Radio waves are used for many measurements and applications, for example, in communication with mobile phones, MRI scans, scientific experiments and cosmic observations. But 'noise' in the detector of the measuring instrument limits how sensitive and precise the measurements can be. Now researchers have developed a new method where they can avoid noise by means of laser light and can therefore achieve extreme precision of measurements.
D-Wave quantum processor passes tests indicating that it uses special laws of quantum mechanics to operate. A key task for researchers has been to determine whether D-Wave processors operate as hoped -- using the special laws of quantum mechanics to offer potentially higher-speed processing, instead of operating in a classical, traditional way.
With the explosive growth of bandwidth demand in telecommunications networks, experts are continually seeking new ways to transmit increasingly large amounts of data in the quickest and cheapest ways possible. Photonic devices -- which convert light to electricity and vice versa -- offer an energy-efficient alternative to traditional copper network links for information transmission. Unfortunately, these devices are also almost always prohibitively pricey.
There's promising news from the front on efforts to produce fuels through artificial photosynthesis. A new study shows that nearly 90 percent of the electrons generated by a hybrid material designed to store solar energy in hydrogen are being stored in the target hydrogen molecules.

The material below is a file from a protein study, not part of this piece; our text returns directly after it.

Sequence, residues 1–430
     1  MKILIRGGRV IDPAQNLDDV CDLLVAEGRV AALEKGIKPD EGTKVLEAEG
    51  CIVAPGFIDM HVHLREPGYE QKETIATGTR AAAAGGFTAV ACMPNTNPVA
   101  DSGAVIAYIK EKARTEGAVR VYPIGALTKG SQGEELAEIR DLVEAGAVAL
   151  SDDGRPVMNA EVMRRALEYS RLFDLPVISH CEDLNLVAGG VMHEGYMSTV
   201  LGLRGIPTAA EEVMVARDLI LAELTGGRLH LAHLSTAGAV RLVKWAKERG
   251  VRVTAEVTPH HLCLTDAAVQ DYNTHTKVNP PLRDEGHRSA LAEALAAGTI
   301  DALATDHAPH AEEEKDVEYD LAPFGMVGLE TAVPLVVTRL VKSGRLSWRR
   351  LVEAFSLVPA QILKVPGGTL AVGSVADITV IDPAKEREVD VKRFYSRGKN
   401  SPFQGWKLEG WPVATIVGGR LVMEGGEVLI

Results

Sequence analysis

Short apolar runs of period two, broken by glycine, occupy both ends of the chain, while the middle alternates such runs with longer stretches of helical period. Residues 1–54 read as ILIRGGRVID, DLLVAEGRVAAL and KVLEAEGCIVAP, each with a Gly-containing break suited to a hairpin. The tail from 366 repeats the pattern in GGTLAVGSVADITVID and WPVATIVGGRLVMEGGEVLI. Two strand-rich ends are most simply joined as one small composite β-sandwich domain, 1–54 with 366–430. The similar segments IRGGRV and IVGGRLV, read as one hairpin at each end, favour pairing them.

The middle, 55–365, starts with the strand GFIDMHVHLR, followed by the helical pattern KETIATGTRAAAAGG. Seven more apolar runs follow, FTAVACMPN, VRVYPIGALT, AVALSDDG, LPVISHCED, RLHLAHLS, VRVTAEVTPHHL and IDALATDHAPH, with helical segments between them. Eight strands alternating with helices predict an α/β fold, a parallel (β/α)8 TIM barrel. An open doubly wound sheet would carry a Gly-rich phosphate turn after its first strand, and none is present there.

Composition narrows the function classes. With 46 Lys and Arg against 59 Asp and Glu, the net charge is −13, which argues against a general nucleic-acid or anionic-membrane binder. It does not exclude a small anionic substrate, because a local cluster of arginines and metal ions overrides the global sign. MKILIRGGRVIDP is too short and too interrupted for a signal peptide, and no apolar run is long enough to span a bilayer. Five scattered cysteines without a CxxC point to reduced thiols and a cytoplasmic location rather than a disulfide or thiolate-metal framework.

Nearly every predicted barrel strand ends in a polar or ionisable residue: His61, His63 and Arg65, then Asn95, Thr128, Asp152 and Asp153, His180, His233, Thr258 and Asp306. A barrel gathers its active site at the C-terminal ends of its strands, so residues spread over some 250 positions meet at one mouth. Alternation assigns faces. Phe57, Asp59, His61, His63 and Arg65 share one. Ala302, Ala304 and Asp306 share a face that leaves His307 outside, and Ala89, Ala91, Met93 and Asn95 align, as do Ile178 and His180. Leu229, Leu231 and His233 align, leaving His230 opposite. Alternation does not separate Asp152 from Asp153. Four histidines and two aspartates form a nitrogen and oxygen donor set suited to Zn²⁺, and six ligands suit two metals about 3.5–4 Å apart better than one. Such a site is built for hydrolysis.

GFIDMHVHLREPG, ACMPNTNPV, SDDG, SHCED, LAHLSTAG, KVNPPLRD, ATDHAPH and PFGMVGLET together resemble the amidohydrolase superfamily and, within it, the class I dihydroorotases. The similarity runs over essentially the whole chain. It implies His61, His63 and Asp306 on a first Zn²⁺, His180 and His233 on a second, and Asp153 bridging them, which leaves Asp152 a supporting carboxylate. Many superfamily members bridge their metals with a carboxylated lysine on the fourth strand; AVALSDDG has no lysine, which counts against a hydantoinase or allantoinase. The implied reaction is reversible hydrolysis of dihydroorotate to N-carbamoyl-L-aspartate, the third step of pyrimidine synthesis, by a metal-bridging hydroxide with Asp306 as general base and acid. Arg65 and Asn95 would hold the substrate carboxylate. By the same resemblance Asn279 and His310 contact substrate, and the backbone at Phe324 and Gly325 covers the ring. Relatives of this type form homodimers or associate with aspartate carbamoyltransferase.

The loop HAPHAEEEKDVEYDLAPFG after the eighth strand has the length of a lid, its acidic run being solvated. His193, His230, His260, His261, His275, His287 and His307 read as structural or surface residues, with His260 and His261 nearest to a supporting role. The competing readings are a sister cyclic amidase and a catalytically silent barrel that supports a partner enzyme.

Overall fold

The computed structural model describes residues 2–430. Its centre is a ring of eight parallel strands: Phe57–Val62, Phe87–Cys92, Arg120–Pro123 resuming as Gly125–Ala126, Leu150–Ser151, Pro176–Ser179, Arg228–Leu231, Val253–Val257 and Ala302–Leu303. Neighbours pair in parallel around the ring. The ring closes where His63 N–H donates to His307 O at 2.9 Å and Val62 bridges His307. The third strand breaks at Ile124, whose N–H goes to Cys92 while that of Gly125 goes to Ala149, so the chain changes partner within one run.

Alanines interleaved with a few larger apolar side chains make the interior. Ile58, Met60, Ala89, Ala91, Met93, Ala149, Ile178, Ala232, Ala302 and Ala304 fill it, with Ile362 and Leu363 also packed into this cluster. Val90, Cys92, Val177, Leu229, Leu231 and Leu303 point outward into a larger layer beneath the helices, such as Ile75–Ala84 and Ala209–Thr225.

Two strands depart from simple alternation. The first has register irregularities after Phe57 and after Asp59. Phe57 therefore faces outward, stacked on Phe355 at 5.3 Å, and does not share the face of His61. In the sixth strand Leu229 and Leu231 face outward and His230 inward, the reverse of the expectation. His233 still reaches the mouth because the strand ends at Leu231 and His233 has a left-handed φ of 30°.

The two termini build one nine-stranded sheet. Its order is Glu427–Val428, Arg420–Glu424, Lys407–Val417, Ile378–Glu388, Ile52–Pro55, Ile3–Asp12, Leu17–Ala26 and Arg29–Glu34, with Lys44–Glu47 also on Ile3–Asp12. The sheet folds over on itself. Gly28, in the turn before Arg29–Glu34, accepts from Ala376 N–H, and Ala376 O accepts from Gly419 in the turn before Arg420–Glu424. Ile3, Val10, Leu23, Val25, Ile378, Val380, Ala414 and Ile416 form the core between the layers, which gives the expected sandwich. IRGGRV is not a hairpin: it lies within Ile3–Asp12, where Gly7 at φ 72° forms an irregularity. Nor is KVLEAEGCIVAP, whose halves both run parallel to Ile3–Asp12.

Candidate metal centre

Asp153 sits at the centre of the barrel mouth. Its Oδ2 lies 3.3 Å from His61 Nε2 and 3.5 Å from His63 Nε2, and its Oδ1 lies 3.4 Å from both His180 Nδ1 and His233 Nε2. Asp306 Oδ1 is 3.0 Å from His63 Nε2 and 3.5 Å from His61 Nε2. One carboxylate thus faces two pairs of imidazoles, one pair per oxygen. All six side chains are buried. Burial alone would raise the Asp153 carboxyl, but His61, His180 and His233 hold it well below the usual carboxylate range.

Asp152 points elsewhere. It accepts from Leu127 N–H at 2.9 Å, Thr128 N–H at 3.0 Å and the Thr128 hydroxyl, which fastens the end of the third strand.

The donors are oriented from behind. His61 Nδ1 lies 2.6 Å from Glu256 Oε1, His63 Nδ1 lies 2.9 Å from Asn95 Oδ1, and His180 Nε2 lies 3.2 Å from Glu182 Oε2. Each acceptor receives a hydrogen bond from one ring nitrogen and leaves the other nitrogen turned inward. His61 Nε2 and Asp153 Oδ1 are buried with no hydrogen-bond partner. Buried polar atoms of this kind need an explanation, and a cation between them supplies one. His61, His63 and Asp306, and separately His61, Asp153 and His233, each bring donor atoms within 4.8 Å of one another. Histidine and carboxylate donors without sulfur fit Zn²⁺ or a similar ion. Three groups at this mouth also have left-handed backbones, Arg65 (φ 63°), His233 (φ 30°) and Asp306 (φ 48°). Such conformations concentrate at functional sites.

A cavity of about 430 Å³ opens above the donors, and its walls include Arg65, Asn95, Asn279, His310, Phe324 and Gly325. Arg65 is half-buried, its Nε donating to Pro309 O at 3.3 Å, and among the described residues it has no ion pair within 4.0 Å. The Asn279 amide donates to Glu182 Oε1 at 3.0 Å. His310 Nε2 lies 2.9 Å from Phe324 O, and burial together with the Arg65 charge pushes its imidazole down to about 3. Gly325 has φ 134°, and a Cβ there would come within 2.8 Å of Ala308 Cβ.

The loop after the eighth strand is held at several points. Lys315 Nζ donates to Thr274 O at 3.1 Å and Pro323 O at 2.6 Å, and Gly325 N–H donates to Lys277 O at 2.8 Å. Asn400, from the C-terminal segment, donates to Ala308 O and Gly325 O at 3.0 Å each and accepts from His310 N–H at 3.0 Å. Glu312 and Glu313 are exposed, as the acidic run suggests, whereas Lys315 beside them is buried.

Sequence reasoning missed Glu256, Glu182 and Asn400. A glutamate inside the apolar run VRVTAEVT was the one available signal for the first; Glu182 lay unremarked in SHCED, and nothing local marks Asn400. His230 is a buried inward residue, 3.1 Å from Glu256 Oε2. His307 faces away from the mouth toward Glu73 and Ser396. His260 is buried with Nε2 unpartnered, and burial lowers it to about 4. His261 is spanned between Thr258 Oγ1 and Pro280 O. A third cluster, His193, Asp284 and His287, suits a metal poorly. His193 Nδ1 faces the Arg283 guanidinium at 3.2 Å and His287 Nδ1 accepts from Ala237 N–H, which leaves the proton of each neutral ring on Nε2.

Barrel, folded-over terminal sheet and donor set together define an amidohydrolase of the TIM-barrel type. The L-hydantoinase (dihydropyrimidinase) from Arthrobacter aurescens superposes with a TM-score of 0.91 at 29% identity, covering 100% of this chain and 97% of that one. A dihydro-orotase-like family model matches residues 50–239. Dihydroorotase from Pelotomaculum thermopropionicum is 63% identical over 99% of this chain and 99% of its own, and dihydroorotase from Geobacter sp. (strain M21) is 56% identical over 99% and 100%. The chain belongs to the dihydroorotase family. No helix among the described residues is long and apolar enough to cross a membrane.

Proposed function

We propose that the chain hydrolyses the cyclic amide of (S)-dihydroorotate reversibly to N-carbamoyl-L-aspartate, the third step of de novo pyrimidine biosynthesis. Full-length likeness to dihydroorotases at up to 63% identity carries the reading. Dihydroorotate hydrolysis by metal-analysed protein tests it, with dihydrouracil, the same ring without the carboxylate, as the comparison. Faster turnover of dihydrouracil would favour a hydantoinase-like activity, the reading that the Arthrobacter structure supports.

Nitrogen-vacancy centers -- flaws in a diamond's crystal lattice that produce color -- have received much attention for their sensitivity to magnetic fields. Researchers have now used N-V diamond sensors to detect the tiny magnetic fluctuations that occur on the surface of high-temperature superconductors in hopes of discovering how these much ballyhooed but still mysterious materials work. With their chip sensor, they hope to measure the properties of a single magnetic vortex.
Minuscule waves that propagate across atom -- thin layers of crystal could carry information, light, and heat in nanoscale devices. For the first time, the frequency and amplitude of these waves, called surface phonon polaritons, can be tuned by altering the number of layers of crystals, and they travel far making practical applications for these signals feasible.
Scientists have made major improvements in computer processing using an emerging class of magnetic materials called 'multiferroics,' and these advances could make future devices far more energy-efficient than current technologies.